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A commentarie upon the epistle of Saint Paule to Philemon. Wherein, the Apostle handling a meane and low subiect, intreating for a fraudulent and fugitiue seruant, mounteth aloft vnto God, and deliuereth sundry high misteries of true religion, and the practise of duties ?conomicall. Politicall. Ecclesiasticall. As of persecution for righteousnesse sake. And of the force and fruit of the ministery. Mouing all the ministers of the Gospell, to a diligent labouring in the spirituall haruest - Written by William Attersoll, minister of the word of God, at Isfiel in Sussex., by William Attersoll, published 1612 (London: William Iaggard) accessible at: British Library

A Sermon preach'd upon the Murder of Mr Richard Dobell, late of Chichester, in the County of Sussex: which murder is not yet brought to light, by Rev. Matthew Woodford, published 1714 (London: T. Wilmer) accessible at: W.S.R.O. [Fuller Lib 82]
Together with a Preface giving an Account of what is at present known concerning it. And likewise an Appendix, containing some Relations of the strange Discoveries of Murder; taken out of Mr Glanvil and other authors

A Sermon in aid of the funds of the Sussex County Hospital, by James Stuart Murray Anderson, published 1829 (23 pp., Brighton: T. D. Ruddock) accessible at: British Library

On the Importance of an Established Ministry: a sermon preached at the consecration of Trinity Chapel, Dane Hill, in the Parish of Fletching, Sussex, by James Stuart Murray Anderson, published 1836 (26 pp., J. G. & F. Rivington) accessible at: British Library

Sermons Preached at Trinity Chapel, Brighton, by Frederick W. Robertson, published 1860 accessible at: W.S.R.O. [Lib 13052]

Bishop Wilberforce. A Sermon preached at the Parish Church of Graffham, Sussex, on its reopening after restoration, Nov 2 1875, by H. P. Liddon, published 1875 (31 pp., London, Oxford and Cambridge: Rivingtons) accessible at: W.S.R.O. [Fuller Lib 38]

The Unity of School Life in the Love of God. Two sermons preached in the chapel of Eastbourne College, etc, by Charles Crowden, published 1888

A brief memoir of James Jones, 45 years pastor of the Strict Baptist Church, Shovers Green, Wadhurst, Sussex. With a sermon preached September 11th, 1836. Together with various writings, letters, poems and hymns. Written by himself, by James Jones, published 1889 (viii + 267 pp., Wadhurst: Miss Betts) accessible at: British Library & East Sussex Libraries

Recollections of John Grace: for 29 years Minister of the Gospel at Brighton. Being a review of his eventful life. Together with numerous selections from his sermons, diary, and correspondence; and letters by his first wife, by John Grace, published 1893 (448 pp., London: Houston & Sons) accessible at: East Sussex Libraries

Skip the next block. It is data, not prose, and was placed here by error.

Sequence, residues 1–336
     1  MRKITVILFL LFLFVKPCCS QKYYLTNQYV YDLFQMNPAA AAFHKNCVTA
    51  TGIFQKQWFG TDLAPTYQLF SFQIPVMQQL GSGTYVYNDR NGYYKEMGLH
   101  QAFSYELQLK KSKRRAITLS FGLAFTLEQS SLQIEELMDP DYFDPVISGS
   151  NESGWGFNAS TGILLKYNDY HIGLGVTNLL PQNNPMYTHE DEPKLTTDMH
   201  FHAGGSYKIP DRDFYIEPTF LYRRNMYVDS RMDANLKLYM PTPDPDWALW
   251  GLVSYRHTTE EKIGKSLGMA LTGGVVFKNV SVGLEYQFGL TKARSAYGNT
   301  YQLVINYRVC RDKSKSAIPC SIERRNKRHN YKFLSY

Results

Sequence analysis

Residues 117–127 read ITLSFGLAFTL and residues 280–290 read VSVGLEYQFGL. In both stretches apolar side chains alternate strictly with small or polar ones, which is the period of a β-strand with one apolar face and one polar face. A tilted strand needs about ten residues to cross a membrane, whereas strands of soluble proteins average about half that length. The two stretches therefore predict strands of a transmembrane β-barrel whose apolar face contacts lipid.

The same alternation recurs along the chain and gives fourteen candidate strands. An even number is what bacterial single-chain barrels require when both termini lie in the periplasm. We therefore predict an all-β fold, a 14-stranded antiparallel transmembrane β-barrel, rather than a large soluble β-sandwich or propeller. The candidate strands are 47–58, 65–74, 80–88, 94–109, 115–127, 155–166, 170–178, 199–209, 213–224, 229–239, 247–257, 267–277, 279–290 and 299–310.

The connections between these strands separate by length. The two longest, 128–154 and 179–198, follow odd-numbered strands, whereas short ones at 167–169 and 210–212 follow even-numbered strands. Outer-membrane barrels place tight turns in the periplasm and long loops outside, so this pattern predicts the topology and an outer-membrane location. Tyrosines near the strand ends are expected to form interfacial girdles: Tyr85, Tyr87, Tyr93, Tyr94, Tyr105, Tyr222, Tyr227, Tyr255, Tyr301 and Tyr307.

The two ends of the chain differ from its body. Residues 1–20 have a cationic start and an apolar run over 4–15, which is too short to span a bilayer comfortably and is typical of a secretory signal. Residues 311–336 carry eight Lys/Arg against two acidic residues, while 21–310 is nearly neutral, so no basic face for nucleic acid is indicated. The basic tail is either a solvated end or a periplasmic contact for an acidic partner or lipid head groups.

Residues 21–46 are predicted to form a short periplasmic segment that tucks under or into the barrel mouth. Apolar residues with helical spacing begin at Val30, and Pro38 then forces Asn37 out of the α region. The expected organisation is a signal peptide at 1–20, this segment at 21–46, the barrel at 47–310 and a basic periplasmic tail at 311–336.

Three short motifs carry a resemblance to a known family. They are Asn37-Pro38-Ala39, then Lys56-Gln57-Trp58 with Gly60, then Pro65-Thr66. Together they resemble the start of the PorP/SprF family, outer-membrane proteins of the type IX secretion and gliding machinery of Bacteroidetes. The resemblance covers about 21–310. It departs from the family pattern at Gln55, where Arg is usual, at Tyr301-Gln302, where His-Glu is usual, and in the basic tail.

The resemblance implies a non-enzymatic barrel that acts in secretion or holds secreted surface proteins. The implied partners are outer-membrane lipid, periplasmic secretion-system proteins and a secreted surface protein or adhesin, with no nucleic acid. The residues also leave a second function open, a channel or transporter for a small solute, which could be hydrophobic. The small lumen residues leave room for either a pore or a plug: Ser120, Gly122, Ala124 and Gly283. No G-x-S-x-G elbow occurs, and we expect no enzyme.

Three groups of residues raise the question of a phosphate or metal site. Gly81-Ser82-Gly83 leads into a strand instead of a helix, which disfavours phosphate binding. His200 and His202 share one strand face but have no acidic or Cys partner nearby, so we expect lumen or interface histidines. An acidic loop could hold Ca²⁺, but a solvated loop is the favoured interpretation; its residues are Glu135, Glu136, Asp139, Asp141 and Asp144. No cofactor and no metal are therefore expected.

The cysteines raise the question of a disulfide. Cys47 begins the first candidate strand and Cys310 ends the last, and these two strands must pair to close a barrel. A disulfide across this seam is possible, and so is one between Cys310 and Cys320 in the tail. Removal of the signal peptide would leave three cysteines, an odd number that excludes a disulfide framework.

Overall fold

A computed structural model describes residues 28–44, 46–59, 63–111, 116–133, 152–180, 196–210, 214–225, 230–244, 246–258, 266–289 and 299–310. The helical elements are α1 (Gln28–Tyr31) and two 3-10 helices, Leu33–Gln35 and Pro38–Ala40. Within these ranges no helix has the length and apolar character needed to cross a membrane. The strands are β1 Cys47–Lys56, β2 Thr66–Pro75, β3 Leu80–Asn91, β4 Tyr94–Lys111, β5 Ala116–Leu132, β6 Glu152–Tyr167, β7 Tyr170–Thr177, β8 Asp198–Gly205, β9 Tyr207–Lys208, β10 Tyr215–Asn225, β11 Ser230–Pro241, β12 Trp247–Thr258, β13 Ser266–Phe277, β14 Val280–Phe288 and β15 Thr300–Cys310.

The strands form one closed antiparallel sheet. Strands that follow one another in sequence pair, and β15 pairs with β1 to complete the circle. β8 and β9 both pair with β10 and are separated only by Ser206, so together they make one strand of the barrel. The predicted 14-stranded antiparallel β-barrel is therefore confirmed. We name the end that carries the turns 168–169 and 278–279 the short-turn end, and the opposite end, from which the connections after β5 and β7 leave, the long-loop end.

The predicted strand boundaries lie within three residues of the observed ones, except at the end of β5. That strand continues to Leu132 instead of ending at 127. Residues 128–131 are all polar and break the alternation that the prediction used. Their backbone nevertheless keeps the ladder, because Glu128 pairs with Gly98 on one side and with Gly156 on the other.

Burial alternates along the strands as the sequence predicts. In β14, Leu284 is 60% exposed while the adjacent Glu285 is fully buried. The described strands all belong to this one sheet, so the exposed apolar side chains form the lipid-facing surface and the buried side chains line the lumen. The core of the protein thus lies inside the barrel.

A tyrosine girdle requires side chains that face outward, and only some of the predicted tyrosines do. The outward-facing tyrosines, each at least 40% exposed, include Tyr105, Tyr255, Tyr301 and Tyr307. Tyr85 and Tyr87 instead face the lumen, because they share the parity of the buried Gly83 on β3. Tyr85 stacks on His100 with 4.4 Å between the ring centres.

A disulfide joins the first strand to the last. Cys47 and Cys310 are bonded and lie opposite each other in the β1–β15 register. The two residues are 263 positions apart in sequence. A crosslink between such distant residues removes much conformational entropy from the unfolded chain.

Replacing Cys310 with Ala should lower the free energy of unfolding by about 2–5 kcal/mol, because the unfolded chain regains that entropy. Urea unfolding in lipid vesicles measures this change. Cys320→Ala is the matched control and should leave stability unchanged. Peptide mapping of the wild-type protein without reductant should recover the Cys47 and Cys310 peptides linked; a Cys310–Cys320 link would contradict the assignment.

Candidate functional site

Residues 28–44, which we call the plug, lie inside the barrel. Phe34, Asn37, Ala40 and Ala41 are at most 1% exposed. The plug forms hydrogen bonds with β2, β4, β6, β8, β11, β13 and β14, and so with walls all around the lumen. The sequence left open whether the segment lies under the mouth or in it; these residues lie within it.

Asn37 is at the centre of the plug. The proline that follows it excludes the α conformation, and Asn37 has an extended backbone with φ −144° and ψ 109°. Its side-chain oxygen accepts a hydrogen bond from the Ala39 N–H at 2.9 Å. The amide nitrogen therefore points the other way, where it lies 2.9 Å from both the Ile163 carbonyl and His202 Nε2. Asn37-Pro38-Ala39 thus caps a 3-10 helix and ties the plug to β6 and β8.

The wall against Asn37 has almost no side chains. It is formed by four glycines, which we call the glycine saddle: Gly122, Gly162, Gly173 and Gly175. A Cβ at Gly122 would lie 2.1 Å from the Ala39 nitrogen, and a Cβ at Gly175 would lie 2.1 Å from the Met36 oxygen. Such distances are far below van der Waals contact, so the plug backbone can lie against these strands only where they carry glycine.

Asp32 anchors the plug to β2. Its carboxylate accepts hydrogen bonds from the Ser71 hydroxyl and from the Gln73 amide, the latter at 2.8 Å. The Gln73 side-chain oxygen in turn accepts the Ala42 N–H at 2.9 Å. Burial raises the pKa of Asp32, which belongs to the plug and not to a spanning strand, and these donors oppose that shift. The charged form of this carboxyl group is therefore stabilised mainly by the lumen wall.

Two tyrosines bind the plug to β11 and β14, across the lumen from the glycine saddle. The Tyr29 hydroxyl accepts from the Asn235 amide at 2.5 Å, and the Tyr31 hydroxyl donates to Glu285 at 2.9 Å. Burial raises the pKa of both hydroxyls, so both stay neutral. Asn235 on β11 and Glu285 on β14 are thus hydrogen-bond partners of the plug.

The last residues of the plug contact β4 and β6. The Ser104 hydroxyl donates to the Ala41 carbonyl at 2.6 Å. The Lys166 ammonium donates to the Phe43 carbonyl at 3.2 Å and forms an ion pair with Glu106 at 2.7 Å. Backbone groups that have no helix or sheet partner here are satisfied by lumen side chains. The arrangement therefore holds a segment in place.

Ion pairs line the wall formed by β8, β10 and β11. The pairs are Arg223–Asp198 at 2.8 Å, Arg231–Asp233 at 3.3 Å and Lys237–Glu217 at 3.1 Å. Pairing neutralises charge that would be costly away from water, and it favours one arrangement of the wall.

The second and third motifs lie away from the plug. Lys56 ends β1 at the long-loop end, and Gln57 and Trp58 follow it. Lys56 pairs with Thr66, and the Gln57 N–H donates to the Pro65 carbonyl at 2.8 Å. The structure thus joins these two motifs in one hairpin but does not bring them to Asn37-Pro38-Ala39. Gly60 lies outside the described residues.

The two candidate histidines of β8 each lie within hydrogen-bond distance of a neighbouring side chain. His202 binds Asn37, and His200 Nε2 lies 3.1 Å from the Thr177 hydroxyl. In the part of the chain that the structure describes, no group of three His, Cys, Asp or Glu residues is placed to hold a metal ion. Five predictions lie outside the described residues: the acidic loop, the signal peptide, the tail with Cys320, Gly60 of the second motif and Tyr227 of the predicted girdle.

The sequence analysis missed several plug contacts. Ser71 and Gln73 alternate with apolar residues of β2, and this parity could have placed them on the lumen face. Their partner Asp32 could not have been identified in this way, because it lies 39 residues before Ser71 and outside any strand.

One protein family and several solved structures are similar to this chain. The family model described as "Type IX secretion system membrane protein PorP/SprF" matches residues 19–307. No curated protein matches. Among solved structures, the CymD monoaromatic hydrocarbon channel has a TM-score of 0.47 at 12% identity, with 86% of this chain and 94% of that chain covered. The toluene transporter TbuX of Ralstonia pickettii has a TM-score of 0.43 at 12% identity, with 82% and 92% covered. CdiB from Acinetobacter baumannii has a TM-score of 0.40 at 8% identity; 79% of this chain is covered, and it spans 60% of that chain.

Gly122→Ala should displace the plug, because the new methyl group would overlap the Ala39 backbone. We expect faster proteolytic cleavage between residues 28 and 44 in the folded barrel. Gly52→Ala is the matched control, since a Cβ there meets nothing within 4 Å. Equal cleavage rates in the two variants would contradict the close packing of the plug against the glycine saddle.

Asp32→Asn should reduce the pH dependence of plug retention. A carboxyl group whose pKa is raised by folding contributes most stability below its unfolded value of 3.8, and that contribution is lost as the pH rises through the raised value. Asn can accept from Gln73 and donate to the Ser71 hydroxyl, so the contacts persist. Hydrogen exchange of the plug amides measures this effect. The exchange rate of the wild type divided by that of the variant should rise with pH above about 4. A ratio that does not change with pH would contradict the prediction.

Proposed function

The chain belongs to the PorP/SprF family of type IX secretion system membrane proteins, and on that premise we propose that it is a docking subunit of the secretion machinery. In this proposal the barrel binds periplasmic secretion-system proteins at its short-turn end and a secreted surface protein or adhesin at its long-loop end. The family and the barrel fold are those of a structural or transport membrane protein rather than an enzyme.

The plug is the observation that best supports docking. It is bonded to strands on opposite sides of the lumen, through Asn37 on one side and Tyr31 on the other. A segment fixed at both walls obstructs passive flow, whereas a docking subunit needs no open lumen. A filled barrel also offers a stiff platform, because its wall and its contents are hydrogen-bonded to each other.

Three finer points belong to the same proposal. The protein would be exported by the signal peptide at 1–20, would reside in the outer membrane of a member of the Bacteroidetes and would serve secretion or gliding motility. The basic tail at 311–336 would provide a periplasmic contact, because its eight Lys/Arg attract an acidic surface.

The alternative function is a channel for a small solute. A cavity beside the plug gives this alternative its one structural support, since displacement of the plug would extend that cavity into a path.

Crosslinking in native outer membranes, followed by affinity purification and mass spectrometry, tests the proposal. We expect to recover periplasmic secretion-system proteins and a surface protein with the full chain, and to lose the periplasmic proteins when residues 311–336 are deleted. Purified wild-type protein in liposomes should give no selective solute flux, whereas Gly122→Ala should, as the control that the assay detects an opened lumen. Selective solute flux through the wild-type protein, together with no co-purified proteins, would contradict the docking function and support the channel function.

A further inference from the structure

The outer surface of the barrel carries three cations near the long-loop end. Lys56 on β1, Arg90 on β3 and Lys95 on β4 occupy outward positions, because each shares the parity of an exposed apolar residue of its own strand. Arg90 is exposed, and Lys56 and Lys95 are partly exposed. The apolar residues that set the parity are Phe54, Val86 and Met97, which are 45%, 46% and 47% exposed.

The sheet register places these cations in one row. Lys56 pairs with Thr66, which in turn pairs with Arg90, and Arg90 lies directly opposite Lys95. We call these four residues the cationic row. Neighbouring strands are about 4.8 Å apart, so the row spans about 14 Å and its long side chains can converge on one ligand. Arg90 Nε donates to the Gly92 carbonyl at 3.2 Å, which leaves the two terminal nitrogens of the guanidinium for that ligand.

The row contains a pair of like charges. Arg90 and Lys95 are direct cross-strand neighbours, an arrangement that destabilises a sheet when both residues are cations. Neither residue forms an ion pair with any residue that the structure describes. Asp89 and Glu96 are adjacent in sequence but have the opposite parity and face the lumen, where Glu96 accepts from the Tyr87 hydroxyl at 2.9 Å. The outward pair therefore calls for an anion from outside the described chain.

Memoir of A. J. Baxter, late pastor of Cavendish Place Chapel, Eastbourne, published 1909 (135 pp., London: Farncombe & Son) accessible at: British Library
Includes letters and sermons by A. J. Baxter.

Forest Fold Pulpit: Sermons of Stanley Delves of Crowborough, by Stanley Delves, published 1980 (148 pp., Stanley Delves Trust, ISBN-10: 0904435385 & ISBN-13: 9780904435382) accessible at: British Library & East Sussex Libraries

The Sermons of Henry King, 1592-1669, Bishop of Chichester, edited by Mary Hobbs, published 17 July 1992 (pamphlet, 400 pp., Scolar Press, ISBN-10: 0859678393 & ISBN-13: 9780859678391) accessible at: W.S.R.O. [Lib 11868][Lib 12052] & West Sussex Libraries
The poems of Henry King, friend of John Donne and executor of his will, were edited in 1965, but his sermons, fine examples of 17th century prose, which span the period from the reign of James I to that of Charles II, have never been reprinted. The Sermons of Henry King makes their text available in the original spelling (with some editing of Greek and Latin). Only 21 survive, 11 of which were published in 1628 as "An Exposition upon the Lords Prayer". King used language lucidly, persuasively, and without the straining of conceits found in many sermon writers of the period. At his best, he has few equals for grace of structure, sweetness of sound, elegiac intensity of mood, and occasional dry wit. His prose is also of importance for a fuller understanding of his poetry, presenting new evidence for the dating and canon of his poems, his methods of composition, and his reading. The sermons offer fresh insights into the reign of Charles I, the Civil War, Interregnum, and Restoration in King's firsthand accounts and assessments of events and characters. His theological importance is beginning to be acknowledged in the current exploration of the "middle" position between Arminian and Puritan in the 17th century Church of England: not a notable original thinker, he can be seen to be a thoroughly representative moderate Calvinist, forced nearer as a Royalist to the Arminian position by the political events of the late 1630s.